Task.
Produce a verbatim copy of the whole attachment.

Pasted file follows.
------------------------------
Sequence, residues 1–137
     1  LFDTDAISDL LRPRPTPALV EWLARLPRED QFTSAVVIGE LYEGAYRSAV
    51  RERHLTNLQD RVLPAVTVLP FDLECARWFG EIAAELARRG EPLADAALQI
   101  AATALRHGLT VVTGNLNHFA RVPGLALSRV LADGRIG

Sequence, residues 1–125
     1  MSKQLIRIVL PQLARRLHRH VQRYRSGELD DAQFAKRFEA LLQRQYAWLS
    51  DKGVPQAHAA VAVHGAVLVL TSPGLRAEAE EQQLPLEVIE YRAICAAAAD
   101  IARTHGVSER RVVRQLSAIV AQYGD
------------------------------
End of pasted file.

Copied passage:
Sequence, residues 1–137
     1  LFDTDAISDL LRPRPTPALV EWLARLPRED QFTSAVVIGE LYEGAYRSAV
    51  RERHLTNLQD RVLPAVTVLP FDLECARWFG EIAAELARRG EPLADAALQI
   101  AATALRHGLT VVTGNLNHFA RVPGLALSRV LADGRIG

Sequence, residues 1–125
     1  MSKQLIRIVL PQLARRLHRH VQRYRSGELD DAQFAKRFEA LLQRQYAWLS
    51  DKGVPQAHAA VAVHGAVLVL TSPGLRAEAE EQQLPLEVIE YRAICAAAAD
   101  IARTHGVSER RVVRQLSAIV AQYGD